Use this URL to cite or link to this record in EThOS: http://ethos.bl.uk/OrderDetails.do?uin=uk.bl.ethos.497952
Title: Cognitive finance : behavioural strategies of spending, saving, and investing
Author: Otto, Philipp Erik
Awarding Body: University of London
Current Institution: University College London (University of London)
Date of Award: 2007
Availability of Full Text:
Access from EThOS:
Full text unavailable from EThOS. Please try the link below.
Access from Institution:
Abstract:
Research in economics is increasingly open to empirical results. The advances in behavioural approaches are expanded here by applying cognitive methods to financial questions. The field of "cognitive finance" is approached by the exploration of decision strategies in the financial settings of spending, saving, and investing. Individual strategies in these different domains are searched for and elaborated to derive explanations for observed irregularities in financial decision making. Strong context-dependency and adaptive learning form the basis for this cognition-based approach to finance. Experiments, ratings, and real world data analysis are carried out in specific financial settings, combining different research methods to improve the understanding of natural financial behaviour. People use various strategies in the domains of spending, saving, and investing. Specific spending profiles can be elaborated for a better understanding of individual spending differences. It was found that people differ along four dimensions of spending, which can be labelled: General Leisure, Regular Maintenance, Risk Orientation, and Future Orientation. Saving behaviour is strongly dependent on how people mentally structure their finance and on their self-control attitude towards decision space restrictions, environmental cues, and contingency structures. Investment strategies depend on how companies, in which investments are placed, are evaluated on factors such as Honesty, Prestige, Innovation, and Power. Further on, different information integration strategies can be learned in decision situations with direct feedback. The mapping of cognitive processes in financial decision making is discussed and adaptive learning mechanisms are proposed for the observed behavioural differences. The construal of a "financial personality" is proposed in accordance with other dimensions of personality measures, to better acknowledge and predict variations in financial behaviour. This perspective enriches economic theories and provides a useful ground for improving individual financial services.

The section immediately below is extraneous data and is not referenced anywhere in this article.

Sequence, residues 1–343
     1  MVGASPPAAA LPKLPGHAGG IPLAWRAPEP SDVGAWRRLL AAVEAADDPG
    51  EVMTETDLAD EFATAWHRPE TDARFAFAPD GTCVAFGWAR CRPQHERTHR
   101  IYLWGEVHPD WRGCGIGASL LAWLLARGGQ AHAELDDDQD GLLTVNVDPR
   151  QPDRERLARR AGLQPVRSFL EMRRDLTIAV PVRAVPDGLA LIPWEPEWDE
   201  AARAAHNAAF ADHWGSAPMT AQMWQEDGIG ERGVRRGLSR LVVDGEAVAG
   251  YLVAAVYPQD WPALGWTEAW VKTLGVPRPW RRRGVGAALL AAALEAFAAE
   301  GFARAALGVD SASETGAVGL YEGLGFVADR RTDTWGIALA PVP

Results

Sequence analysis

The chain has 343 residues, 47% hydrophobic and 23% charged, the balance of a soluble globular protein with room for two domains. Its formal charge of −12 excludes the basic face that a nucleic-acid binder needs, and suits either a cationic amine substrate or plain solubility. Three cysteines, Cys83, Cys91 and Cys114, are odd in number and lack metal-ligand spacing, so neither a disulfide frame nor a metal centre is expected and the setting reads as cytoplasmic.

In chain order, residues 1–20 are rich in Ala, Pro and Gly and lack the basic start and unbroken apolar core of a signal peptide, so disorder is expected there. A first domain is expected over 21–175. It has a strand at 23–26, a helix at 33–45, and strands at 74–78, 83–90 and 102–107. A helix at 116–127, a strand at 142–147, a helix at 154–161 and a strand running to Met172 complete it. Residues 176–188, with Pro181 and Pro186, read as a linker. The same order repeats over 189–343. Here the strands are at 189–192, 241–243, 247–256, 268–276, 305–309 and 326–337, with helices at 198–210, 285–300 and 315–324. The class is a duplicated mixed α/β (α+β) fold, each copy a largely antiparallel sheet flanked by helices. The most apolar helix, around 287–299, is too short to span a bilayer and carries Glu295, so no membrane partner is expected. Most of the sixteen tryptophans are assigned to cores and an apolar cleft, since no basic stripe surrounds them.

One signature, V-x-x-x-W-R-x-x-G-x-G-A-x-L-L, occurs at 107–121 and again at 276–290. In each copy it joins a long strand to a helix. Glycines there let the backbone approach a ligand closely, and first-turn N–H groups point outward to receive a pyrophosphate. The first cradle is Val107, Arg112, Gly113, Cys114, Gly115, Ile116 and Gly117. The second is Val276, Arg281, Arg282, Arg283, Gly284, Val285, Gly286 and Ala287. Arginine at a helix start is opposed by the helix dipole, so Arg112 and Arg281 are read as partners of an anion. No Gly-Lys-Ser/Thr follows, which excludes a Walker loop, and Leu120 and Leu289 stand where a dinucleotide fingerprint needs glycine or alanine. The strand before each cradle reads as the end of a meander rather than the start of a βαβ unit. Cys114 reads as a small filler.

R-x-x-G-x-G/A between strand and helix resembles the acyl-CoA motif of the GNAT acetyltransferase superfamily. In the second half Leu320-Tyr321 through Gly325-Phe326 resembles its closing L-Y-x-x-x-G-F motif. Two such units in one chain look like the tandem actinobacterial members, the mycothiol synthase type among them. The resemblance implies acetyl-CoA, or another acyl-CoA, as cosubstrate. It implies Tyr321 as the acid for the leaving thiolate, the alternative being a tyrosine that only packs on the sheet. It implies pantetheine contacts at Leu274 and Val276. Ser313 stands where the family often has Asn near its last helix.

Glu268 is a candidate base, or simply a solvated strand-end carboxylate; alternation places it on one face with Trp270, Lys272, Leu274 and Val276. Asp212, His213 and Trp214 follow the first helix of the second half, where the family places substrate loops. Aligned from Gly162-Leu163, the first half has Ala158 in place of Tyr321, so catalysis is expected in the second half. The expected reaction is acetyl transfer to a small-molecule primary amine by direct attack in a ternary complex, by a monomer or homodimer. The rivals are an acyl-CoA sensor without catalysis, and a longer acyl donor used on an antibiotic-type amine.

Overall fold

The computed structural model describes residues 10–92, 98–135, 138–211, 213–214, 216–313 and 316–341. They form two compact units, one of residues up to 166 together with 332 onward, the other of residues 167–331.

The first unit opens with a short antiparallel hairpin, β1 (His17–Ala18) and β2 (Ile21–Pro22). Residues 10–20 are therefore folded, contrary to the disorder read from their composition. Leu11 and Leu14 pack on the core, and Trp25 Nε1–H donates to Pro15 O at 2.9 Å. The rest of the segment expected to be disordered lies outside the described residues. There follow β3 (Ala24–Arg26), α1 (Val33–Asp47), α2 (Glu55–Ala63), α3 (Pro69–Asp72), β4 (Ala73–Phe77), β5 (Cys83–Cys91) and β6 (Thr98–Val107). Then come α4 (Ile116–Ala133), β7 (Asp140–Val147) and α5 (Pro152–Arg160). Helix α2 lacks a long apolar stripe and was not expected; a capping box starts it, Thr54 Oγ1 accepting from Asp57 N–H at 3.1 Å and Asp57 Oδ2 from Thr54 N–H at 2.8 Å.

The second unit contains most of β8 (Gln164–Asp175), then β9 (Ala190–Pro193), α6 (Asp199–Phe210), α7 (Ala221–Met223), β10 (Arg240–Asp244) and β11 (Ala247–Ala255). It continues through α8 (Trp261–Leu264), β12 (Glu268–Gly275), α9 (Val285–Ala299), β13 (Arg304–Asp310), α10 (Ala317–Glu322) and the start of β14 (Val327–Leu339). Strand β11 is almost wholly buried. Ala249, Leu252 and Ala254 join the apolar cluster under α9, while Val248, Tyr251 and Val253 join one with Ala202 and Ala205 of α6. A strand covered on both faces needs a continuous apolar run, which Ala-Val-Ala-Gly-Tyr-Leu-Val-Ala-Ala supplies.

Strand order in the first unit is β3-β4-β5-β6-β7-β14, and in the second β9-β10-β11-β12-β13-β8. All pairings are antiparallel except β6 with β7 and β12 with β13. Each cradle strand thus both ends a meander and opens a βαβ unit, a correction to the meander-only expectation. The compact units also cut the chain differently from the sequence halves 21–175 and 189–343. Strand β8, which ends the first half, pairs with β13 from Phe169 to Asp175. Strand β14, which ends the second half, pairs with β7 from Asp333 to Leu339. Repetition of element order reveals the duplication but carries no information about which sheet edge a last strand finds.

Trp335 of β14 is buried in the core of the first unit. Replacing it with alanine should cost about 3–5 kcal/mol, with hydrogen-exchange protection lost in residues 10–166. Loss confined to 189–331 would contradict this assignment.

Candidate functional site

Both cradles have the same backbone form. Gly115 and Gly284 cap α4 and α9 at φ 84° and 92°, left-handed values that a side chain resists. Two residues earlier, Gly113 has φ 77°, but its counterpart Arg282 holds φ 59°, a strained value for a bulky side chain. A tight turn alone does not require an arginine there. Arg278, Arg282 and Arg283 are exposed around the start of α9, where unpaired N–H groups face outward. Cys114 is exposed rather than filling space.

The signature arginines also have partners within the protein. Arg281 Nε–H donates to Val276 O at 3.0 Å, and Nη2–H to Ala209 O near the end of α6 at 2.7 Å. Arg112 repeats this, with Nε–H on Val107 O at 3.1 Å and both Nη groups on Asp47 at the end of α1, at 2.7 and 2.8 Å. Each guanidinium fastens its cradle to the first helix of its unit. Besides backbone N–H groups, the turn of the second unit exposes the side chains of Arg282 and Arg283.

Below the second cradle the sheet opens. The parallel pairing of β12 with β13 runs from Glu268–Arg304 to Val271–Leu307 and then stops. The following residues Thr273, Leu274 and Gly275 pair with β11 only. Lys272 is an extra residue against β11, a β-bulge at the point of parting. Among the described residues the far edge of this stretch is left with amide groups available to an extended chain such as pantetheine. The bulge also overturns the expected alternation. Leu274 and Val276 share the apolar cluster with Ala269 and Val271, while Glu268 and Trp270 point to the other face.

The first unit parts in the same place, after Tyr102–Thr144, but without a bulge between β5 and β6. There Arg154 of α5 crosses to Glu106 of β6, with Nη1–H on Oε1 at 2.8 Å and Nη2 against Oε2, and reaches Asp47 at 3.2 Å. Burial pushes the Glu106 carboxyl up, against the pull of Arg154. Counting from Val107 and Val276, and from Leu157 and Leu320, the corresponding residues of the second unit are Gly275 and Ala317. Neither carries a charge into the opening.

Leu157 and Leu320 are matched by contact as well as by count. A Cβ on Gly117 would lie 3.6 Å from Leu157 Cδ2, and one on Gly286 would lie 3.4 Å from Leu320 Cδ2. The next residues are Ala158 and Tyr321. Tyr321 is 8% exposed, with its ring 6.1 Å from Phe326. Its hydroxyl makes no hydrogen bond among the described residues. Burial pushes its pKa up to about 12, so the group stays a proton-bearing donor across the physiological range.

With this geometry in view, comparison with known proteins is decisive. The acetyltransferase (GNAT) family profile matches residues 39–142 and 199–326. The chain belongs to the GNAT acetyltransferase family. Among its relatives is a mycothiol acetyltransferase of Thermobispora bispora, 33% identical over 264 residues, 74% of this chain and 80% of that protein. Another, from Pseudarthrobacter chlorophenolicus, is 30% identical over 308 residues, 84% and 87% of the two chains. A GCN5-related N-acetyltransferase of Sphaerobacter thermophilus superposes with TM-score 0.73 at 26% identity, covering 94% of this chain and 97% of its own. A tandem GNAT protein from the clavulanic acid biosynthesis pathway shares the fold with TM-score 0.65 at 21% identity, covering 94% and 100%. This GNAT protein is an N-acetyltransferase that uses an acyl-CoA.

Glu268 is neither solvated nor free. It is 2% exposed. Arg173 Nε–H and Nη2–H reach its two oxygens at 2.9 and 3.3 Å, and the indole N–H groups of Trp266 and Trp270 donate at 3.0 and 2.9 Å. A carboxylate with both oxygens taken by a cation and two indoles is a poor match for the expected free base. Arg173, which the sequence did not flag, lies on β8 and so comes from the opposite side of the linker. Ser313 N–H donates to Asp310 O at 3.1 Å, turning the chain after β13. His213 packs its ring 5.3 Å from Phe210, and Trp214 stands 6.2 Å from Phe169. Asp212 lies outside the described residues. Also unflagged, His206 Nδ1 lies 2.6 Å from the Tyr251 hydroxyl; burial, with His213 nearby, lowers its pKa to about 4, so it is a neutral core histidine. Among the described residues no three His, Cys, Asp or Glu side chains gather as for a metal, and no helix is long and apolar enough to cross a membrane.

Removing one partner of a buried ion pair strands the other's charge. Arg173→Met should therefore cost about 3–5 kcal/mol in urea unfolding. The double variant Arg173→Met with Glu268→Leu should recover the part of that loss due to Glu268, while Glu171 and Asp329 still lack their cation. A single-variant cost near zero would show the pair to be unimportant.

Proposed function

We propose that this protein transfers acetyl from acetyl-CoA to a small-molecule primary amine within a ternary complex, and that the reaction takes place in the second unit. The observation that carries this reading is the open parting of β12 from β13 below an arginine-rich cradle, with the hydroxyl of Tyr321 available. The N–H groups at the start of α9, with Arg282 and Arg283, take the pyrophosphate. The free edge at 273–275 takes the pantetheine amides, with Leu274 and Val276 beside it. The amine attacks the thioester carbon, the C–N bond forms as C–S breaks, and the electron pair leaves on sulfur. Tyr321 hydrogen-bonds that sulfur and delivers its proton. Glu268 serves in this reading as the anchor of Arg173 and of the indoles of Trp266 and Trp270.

Supervisor: Not available Sponsor: Not available
Qualification Name: Thesis (Ph.D.) Qualification Level: Doctoral
EThOS ID: uk.bl.ethos.497952  DOI: Not available
Share: